- The O’Bagy / McCain problem. I worry about the rush to confirm commentary that agrees with what we would like to believe. This is a particularly a problem for contexts where there is low baseline knowledge (i.e., all of Africa). I certainly saw this with the Menkaus piece, which many other regional specialists would have quickly dismissed as far too sunny a picture.* Bias in one direction or another wouldn’t be a terrible thing, if the US government invested in in-house expertise or used a broad swathe of regional experts to inform policy. But, at least from where I sit, regional expertise (especially Africa expertise) is largely silo-ed off from the policy world in the US, meaning that there are, at best, too few informed voices and, at worst, a reliance on COIN specialists who simply cannot know well all the countries on which they are expected to comment. The UK is vastly better at both building expertise within the foreign service and seriously engaging with (and funding) scholarship. I’m not sure this is getting worse in the States, but it feels like it’s getting worse.
- Terrorism as strongly transnationally-linked, as Al Qaeda-influenced. With Al Shabaab and most other violent Islamist organizations in Africa, there’s also been a rush to view all terrorist attacks on the continent through the lens of Al Qaeda and international signaling. Thus, the very real (and overwhelmingly domestic) uptick in Al Shabaab’s use of terrorist attacks is viewed as a sign of increasing integration with Al Qaeda, as an attempt to curry favor with Al Qaeda, as a move that naturally alienates Shabaab from its base. None of that is necessarily true. Indeed, as Hanson suggests, Shabaab has played local and international games simultaneously since its inception. But Shabaab does have strong connections with Al Qaeda and global Islamism. In other cases, connections are much weaker and local dynamics much more important. For instance, journalists have often insinuated a strong international component to Boko Haram terrorism in Nigeria, despite little evidence that this exists. During the operation in Mali, there were suggestions of cooperation between Mali’s Islamists and Boko Haram — with no evidence that this was the case. Even in the past couple of days, I’ve heard two political scientists suggest that Boko Haram attacks in Yobe were a form of outbidding in response to Westgate.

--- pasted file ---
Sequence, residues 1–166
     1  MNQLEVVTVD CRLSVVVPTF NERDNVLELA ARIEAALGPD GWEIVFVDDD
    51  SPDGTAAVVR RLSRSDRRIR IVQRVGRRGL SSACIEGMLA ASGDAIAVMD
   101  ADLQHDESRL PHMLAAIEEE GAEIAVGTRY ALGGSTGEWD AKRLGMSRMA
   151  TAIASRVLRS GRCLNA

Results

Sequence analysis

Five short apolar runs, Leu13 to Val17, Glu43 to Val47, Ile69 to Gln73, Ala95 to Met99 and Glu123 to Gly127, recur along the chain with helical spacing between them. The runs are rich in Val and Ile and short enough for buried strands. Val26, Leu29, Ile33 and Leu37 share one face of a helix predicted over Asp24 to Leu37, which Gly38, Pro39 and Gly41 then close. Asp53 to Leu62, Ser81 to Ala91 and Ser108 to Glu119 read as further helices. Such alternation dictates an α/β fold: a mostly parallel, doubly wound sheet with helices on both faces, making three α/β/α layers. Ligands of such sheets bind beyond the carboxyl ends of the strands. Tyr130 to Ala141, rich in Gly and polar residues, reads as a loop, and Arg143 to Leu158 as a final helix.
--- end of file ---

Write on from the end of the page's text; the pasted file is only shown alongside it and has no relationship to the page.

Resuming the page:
The growth in terrorism and Islamism across north Africa and the Sahel is real. But the organizations behind these trends are often quite canny in leveraging local grievances and pre-existing social institutions unrelated to Wahhabi Islam. More importantly, I’m skeptical that we can link tactics and appeals to particular configurations of organizational resources or particular moments in organizational lifecycles. Increased collaboration with Al Qaeda, increased deployment of the language associated with international Islamist organizations, increased attacks on soft targets or international actors: these things can convey weakness. For instance, they might suggest a greater need to recruit from abroad, build local prestige via high-visibility attacks, or attrack money from Al Qaeda sympathists in the Gulf. But they can easily coexist with strong organization, with less religiously- or internationally-centered local recruitment, with adaptable leadership capable of playing a sustained, long-term, two-level game.
It makes sense that American-based analysts would tend to overestimate both the importance of international audiences and the extent of international collaboration … but these distortions shape policy. And they lead to what is quickly become a single approach to counterterrorism: increased US and Israeli training and support of local militaries — with some not-great consequences.